When it comes to retail, the times they are a changin’.
That’s what real estate executives are saying as the number of vacancies and average retail rents in New York City experience dramatic shifts.
At a panel discussing the future of retail at New York Law School yesterday (Tuesday), moderator Gerald Korngold, a professor at the school, started the discussion with a rundown of retail stats.
In the fourth quarter of 2016, Madison Avenue rents were down 12 percent compared to the same time period the year before, and availability was at 14.4 percent, up from 10 percent the year before, he said. Annual average retail rents are $1,100 p/s/f, down from a high in 2016 of $1,800 p/s/f.
Major retailers and big box stores like Macy’s, Best Buy, JC Penney, Sports Authority, and Staples have shuttered stores in the last year, while traditional malls have seen major slumps, with many closing.
However, Peter Schwartz, senior executive vice president and general counsel (U.S.) of Westfield Corporation, the firm that is in charge of leasing the retail at the World Trade Center transit hub, said he thinks the fears about the state of the retail market have been somewhat overblown.
“Clearly there are challenges out there for retailers and landlords, but the press obviously loves a good story, and a good story is about store closures and dead malls. And whether that’s reality or not is a totally different question,” said Schwartz. “To say it’s a time of change is really what it is.”
Schwartz said his company is seeing an uptick in retail traffic, and pointed out that the big-name companies that have closed stores still have a majority of their stores open and doing well. While Macy’s has closed 68 of its locations, it still has over 600 stores open, and while JC Penney made news when it closed 168 of its stores, they still have more than 1,400 locations operating.
“It’s a changing environment, there’s a lot going on with department stores and the mall side of the business,” he said. “For us, these stores closing, it’s an opportunity. Taking out a dead store — they’re only closing stores that aren’t doing well — creates an opportunity for us. We think it’s a great environment.”
Bill Bond, principal at development firm Vanbarton Group, said online retail isn’t the only factor causing major shifts in the market — too much square footage has been built over the last several years while online retail is still only eight percent of all total retail sales.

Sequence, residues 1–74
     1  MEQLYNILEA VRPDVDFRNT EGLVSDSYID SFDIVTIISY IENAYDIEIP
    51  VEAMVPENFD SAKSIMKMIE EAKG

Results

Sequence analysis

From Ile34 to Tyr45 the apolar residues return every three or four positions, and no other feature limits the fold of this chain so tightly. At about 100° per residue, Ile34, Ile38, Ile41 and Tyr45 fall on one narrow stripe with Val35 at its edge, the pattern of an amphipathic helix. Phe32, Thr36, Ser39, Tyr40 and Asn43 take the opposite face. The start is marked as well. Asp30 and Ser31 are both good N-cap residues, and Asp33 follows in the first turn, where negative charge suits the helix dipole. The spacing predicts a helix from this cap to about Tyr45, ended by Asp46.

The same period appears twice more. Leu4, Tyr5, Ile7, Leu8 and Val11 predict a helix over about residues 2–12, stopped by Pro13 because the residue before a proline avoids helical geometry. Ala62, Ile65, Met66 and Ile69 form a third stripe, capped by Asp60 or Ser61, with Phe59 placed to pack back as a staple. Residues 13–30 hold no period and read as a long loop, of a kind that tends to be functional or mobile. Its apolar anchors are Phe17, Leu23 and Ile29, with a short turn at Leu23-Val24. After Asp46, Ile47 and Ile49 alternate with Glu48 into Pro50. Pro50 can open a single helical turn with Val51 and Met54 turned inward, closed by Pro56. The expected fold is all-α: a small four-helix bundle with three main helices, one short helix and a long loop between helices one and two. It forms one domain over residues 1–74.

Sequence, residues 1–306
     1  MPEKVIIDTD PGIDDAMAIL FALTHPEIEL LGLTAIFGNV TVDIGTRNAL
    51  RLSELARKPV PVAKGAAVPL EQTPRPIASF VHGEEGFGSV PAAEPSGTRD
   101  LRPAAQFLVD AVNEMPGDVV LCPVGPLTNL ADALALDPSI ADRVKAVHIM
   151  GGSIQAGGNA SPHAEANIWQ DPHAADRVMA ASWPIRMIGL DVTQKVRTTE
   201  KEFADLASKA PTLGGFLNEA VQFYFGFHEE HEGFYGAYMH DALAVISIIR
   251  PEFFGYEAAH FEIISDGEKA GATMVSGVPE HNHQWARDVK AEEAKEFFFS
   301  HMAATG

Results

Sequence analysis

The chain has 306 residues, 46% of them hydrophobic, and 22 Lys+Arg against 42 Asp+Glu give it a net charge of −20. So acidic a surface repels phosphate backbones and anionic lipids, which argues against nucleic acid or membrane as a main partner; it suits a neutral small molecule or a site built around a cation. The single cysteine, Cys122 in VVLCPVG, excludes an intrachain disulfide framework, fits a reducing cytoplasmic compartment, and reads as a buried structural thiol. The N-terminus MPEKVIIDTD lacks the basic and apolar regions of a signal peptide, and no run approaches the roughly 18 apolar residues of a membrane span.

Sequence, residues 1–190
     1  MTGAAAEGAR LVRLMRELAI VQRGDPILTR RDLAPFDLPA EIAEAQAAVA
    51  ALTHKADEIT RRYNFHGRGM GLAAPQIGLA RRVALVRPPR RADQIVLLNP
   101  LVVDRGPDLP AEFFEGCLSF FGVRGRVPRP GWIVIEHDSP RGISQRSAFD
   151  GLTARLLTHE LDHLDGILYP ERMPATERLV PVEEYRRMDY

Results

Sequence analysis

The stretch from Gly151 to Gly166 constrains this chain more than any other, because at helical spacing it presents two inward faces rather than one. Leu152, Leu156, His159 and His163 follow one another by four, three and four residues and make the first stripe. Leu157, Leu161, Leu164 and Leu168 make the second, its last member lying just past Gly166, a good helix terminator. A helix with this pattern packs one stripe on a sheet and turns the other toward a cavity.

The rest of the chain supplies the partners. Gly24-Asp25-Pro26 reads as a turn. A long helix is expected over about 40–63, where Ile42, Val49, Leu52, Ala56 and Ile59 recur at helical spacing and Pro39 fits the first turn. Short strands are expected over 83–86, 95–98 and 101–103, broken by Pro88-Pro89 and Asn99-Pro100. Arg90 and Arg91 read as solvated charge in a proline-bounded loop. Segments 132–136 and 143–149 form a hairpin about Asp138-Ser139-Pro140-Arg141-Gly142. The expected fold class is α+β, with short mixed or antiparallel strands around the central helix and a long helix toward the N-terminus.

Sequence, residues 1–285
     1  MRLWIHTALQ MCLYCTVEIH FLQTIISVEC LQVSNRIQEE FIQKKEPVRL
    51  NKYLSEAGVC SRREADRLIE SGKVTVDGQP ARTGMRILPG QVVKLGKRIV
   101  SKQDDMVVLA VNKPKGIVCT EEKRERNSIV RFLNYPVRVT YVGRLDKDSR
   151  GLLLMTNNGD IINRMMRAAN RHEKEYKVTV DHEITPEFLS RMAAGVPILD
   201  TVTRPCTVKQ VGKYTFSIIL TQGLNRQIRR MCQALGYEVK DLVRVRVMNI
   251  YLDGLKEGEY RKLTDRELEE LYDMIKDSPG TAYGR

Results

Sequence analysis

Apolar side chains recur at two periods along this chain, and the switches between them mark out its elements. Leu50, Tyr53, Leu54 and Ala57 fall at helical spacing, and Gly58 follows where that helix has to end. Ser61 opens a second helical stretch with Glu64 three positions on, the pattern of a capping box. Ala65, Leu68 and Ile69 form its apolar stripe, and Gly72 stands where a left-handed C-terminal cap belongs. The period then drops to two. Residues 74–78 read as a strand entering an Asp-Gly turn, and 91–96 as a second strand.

“To blame that too much is incorrect,” said Bond of online retail.
But when it comes to street retail in NYC, retailers are feeling the heat. Susan Kurland, co-head and executive vice president of the global real estate services group at Savills Studley, believes the high number of vacancies she’s seeing is also a result of high rents.
“We see where they’re not being filled and a number of it has to do not just with the store closings but what rent is,” said Kurlan. “I think that when Fifth Avenue reached $5,000 a foot, there’s just so much a tenant can pay. You want to have a branding experience, true, but when the rent was $3,000 a foot you still had a branding experience on the avenue.”
She sees the structure of retail in general changing, and if retailers want to be successful, they should change with them.
“Because the online shopping is an issue, bricks and mortar isn’t going away, but the successful retailers are going to have to understand and learn how to integrate the two of those to be successful,” she said.
Kurland pointed to companies that started online and have now opened up brick and mortar stores in a way that complements their business, like clothing retailer Bonobos and even Amazon, which is set to open several retail stores.
“It’s not all an ugly situation, it’s a changing market, not only from a real estate price perspective, but the structure of retail itself is changing,” said Kurland.
And one that is changing in large part to the shopping habits of young people, who increasingly turn to online shopping and are less likely to shop at traditional department stores, said Kurland.
“There are some retailers that will have six flagship-size stores in Manhattan and you have to ask the question, why? Especially if you use the internet appropriately, those two things combined should make the need to have possibly one flagship store and then smaller stores carrying a part of the concept in the city. But to employ the debt of six flagship stores in Manhattan at multi-million dollars a store, it just doesn’t make sense, particularly because you have the internet,” she said.